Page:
DES MOINES — The Iowa Senate voted Wednesday to raise state aid to K-12 schools by $134.9 million effective July 1 and provide another $38.9 million to offset potential local property tax increases under the state’s school foundation aid formula.
The 26-23 party-line vote to approve a 4 percent “allowable growth” increase was pushed by majority Democrats’ desire to comply with the state’s forward-funding law that requires the rate of growth that elementary and secondary schools can expect to be set within 30 days after lawmakers receive the governor’s budget proposal.
GOP senators sided with Gov. Terry Branstad in voting against the bill, saying the governor was right to insist that education reforms be passed first before lawmakers take up the allowable growth issue.
“We’re moving ahead with allowable growth in a premature fashion,” said Sen. Joni Ernst, R-Red Oak, one of 23 Republicans to vote against Senate File 52. “Let’s not put the cart ahead of the horse” by approving a 4 percent boost in base funding for Iowa’s 348 school districts before lawmakers know how much general fund money will be required to implement education reforms that are moving on a parallel track through the legislative process.
That drew an incredulous response from Sen. Herman Quirmbach, D-Ames, chairman of the Senate Education Committee and the bill’s floor manager, who noted that lawmakers already are a year out of compliance because the GOP-run Iowa House refused to take up the Senate-passed school funding bill last year as prescribed by state law. “We’re violating the law by a year, and yet you say we’re premature,” he said.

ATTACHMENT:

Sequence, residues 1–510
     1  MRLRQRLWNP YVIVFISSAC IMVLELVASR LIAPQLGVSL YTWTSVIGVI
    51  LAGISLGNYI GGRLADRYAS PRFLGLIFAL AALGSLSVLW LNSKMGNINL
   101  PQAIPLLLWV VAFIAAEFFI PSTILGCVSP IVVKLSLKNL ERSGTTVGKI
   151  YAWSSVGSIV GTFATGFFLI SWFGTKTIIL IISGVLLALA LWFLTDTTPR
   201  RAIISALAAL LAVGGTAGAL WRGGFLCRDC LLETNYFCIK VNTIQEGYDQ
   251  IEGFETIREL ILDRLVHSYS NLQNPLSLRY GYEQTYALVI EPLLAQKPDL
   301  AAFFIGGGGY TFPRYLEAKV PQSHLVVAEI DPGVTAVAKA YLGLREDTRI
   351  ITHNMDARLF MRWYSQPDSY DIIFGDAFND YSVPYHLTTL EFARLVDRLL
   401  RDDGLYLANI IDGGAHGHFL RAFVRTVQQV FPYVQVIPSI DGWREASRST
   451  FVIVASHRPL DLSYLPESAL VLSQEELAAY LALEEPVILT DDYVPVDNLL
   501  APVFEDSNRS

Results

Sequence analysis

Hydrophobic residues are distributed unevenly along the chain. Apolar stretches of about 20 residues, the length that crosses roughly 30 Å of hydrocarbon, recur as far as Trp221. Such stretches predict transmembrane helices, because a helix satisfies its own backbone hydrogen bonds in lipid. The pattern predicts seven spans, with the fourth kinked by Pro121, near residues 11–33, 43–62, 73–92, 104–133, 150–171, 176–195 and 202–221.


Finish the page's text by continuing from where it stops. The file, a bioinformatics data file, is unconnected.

Democrats argued that superintendents may be forced to lay off teachers, postpone purchases, eliminate support positions and reduce curriculum offerings if lawmakers fail to decide by March the level of increased state aid that K-12 districts will receive for next school year.
“If you want world-class education, you’re going to have to pay for it,” said Sen. Rob Hogg, D-Cedar Rapids. “We’ve got to quit doing this on the cheap. It doesn’t work. This is the right thing to do. School districts need this answer.”
The Senate bill, which would boost per-pupil funding by $240 — from the current $6,001 per student to $6,241 in fiscal 2014 — now goes to the Iowa House, where it faces an uncertain future as GOP leaders have indicated they plan to follow the Republican governor’s directive in passing his reform package before turning to the supplemental state aid issue.
In his Condition of the State speech on Jan. 15, Branstad detailed a five-year, $187 million education reform proposal that would increase pay for new educators — from a minimum of $28,000 to a minimum of $35,000 in the next five years — and redo career paths for teachers. He signaled that he expects lawmakers to approve the reforms before talks turn to education spending. To that end, he did not include any new money in his fiscal 2014 budget proposal to fund “allowable growth” for K-12 schools.
Under the state’s school aid formula, a 4 percent allowable growth increase in state would trigger a boost in local property taxes which cover 12.5 percent of the cost. Democrats offered a bill that was passed unanimously whereby the state will pick up that $38.9 million cost. A separate measure to also boost “categorical” school funding for class-size reductions, professional development and teacher salary supplements totaling $13.7 million also was approved on a 26-23 party-line vote.
Senate Republicans used the property tax measure as a vehicle to offer their proposal to return more than $800 million in surplus “overpayments” back to taxpayers in the form of income tax credits totaling $750 per household or $375 for each single filer, but Senate President Pam Jochum, D-Dubuque, ruled that the amendment was not relevant to Senate File 53.
Sen. Rick Bertrand, R-Sioux City, said he was disappointed the GOP tax cut plan was sidelined by a procedural move that denied taxpayers a “historic opportunity” to get back tax credits that would amount to “real money” that could be put back in the economy. However, he applauded the property tax relief measure that attempted to deliver some equity to districts with varying levies, noting the state offset likely would buy down about $2 per $1,000 assessed valuation in his community.